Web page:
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Hoffmann, R. A wiki for the life sciences where authorship matters. Nature Genetics (2008)
 
MeSH Review

Colletotrichum

 
 
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Disease relevance of Colletotrichum

 

High impact information on Colletotrichum

  • Virulence was increased ninefold and was more rapidly effected; furthermore, the requirement for a long duration at high humidity was decreased by introducing NEP1 encoding a phytotoxic protein, to an Abutilon theophrasti-specific, weakly mycoherbicidal strain of Colletotrichum coccodes [3].
  • Here we report that ClaPEX6, an ortholog of PEX6, is required for the fungus Colletotrichum lagenarium to infect host plants [4].
  • We report the cloning of a mitogen-activated protein kinase kinase (MEK), CgMEK, from Colletotrichum gloeosporioides and its role in the induction of these developmental processes involved in pathogenesis [5].
  • Ethylene induced germination and appressorium formation in the Colletotrichum sp. penetrating climacteric fruit but not in other Colletotrichum strains [6].
  • Employing a strategy of targeted gene disruption, we generated a mutant strain (gpdhDelta) defective in glycerol-3-phosphate dehydrogenase in a hemibiotrophic plant pathogen, Colletotrichum gloeosporioides f.sp. malvae [7].
 

Chemical compound and disease context of Colletotrichum

 

Biological context of Colletotrichum

 

Anatomical context of Colletotrichum

 

Associations of Colletotrichum with chemical compounds

 

Gene context of Colletotrichum

  • The Colletotrichum lagenariu Ste12-like gene CST1 is essential for appressorium penetration [19].
  • Molecular characterization of CLPT1, a SEC4-like Rab/GTPase of the phytopathogenic fungus Colletotrichum lindemuthianum which is regulated by the carbon source [20].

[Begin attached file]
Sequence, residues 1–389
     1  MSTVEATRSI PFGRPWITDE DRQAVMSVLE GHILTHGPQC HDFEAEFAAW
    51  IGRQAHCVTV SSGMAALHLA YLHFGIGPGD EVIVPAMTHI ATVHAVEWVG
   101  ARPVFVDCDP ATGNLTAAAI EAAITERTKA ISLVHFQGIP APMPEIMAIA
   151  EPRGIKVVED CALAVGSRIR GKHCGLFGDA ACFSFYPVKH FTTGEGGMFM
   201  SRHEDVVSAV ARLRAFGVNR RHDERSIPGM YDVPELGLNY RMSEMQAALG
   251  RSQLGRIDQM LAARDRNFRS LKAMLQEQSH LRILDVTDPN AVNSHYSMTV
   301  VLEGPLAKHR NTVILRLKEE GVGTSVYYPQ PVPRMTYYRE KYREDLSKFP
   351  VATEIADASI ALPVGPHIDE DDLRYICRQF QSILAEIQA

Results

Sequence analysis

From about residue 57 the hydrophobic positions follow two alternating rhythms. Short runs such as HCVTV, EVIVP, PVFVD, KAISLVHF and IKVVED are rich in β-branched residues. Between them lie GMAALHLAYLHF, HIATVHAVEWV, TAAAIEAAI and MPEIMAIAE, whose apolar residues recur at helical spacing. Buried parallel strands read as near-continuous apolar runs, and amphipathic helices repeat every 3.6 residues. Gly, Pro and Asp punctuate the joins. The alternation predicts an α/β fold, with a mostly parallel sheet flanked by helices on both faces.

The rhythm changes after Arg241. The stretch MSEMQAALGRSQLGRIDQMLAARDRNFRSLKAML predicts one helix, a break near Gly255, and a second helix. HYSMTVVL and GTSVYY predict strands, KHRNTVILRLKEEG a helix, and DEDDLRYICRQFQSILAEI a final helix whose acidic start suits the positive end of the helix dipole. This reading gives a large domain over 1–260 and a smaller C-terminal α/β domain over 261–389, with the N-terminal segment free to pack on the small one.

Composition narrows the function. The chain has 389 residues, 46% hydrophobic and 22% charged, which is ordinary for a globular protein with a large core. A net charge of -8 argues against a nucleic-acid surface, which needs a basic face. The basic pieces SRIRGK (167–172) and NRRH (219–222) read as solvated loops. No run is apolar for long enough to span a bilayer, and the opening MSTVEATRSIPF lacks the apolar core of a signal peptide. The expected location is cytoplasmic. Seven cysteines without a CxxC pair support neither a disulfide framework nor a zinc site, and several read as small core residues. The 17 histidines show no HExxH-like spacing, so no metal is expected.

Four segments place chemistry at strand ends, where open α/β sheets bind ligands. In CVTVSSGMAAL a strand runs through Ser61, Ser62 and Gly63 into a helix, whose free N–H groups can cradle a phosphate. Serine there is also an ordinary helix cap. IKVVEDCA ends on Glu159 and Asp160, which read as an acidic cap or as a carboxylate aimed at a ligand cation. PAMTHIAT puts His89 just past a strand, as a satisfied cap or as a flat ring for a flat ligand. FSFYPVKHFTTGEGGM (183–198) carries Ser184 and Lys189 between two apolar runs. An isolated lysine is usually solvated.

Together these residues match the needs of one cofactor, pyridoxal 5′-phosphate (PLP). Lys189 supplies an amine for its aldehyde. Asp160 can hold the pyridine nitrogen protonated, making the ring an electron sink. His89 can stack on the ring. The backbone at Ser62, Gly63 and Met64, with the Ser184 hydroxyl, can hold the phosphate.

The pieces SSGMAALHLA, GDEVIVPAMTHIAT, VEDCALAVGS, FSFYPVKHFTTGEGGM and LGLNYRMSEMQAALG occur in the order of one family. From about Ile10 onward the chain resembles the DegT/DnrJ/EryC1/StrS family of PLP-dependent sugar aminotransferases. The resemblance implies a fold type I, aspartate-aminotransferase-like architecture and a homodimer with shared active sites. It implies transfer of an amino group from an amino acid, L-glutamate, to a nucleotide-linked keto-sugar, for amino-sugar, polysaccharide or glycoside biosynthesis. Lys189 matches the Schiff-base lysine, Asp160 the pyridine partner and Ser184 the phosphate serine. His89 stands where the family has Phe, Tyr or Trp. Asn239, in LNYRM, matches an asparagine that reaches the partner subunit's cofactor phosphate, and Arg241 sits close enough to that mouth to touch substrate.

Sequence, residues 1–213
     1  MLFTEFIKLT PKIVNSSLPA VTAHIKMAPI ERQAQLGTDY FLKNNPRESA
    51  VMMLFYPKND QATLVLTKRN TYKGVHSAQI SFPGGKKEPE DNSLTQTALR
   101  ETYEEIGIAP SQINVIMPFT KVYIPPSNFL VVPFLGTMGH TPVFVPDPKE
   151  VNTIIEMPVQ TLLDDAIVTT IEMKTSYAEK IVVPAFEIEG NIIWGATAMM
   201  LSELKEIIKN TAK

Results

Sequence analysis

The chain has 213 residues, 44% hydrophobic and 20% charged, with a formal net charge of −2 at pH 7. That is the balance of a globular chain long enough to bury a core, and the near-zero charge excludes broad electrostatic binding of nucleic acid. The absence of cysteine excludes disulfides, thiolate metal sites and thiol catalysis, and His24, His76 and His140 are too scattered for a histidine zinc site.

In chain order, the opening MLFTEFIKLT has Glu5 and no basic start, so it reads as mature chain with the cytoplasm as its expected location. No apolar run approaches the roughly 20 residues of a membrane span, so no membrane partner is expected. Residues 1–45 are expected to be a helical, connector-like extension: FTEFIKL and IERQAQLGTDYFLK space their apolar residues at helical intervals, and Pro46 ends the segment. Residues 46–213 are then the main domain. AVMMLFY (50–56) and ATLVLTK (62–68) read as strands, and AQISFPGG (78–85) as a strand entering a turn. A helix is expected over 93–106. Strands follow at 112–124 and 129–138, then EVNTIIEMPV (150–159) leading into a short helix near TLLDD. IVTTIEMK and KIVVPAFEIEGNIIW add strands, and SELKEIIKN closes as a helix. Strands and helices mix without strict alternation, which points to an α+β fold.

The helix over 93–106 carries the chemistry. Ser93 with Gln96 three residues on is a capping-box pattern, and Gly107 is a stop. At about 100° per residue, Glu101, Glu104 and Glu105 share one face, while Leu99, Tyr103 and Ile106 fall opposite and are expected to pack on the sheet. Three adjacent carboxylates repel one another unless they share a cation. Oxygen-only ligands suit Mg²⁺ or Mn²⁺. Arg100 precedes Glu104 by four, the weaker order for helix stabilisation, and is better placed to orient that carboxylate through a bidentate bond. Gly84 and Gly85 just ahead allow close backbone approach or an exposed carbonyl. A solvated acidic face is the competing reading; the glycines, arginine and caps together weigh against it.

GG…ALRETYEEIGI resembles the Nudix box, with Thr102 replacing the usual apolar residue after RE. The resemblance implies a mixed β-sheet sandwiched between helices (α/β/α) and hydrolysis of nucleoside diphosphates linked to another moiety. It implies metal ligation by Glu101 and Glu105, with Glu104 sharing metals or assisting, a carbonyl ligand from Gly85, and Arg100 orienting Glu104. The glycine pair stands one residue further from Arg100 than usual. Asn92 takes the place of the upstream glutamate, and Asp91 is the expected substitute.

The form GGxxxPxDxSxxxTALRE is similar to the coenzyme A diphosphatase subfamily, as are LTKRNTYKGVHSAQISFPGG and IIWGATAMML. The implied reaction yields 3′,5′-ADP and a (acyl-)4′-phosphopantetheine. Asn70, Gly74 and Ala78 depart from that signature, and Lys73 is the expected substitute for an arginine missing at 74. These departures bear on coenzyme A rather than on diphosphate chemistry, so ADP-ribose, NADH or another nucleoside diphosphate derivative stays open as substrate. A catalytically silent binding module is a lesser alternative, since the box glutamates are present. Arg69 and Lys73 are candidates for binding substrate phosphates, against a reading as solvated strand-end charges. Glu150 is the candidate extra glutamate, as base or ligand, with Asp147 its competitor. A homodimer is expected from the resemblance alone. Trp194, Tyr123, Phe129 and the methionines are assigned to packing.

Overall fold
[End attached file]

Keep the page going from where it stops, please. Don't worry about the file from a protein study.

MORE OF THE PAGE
• The mitogen-activated protein kinase gene MAF1 is essential for the early differentiation phase of appressorium formation in Colletotrichum lagenarium [21].
  • Identification of a gene product induced by hard-surface contact of Colletotrichum gloeosporioides conidia as a ubiquitin-conjugating enzyme by yeast complementation [22].
  • The OSC1 gene, encoding a MAP kinase (MAPK) related to yeast Hog1, was isolated from the fungal pathogen Colletotrichum lagenarium that causes cucumber anthracnose [23].
 

Analytical, diagnostic and therapeutic context of Colletotrichum

References

  1. Expression of the antiapoptotic baculovirus p35 gene in tomato blocks programmed cell death and provides broad-spectrum resistance to disease. Lincoln, J.E., Richael, C., Overduin, B., Smith, K., Bostock, R., Gilchrist, D.G. Proc. Natl. Acad. Sci. U.S.A. (2002) [Pubmed]
  2. Osmotic dehydration of apple slices using a sucrose/CaCl2 combination to control spoilage caused by Botrytis cinerea, Colletotrichum acutatum, and Penicillium expansum. Chardonnet, C.O., Sams, C.E., Conway, W.S., Mount, J.R., Draughon, F.A. J. Food Prot. (2001) [Pubmed]
  3. Engineering hypervirulence in a mycoherbicidal fungus for efficient weed control. Amsellem, Z., Cohen, B.A., Gressel, J. Nat. Biotechnol. (2002) [Pubmed]
  4. Peroxisomal metabolic function is required for appressorium-mediated plant infection by Colletotrichum lagenarium. Kimura, A., Takano, Y., Furusawa, I., Okuno, T. Plant Cell (2001) [Pubmed]
  5. A mitogen-activated protein kinase kinase required for induction of cytokinesis and appressorium formation by host signals in the conidia of Colletotrichum gloeosporioides. Kim, Y.K., Kawano, T., Li, D., Kolattukudy, P.E. Plant Cell (2000) [Pubmed]
  6. Timing of fungal invasion using host's ripening hormone as a signal. Flaishman, M.A., Kolattukudy, P.E. Proc. Natl. Acad. Sci. U.S.A. (1994) [Pubmed]
  7. Targeted gene disruption of glycerol-3-phosphate dehydrogenase in Colletotrichum gloeosporioides reveals evidence that glycerol is a significant transferred nutrient from host plant to fungal pathogen. Wei, Y., Shen, W., Dauk, M., Wang, F., Selvaraj, G., Zou, J. J. Biol. Chem. (2004) [Pubmed]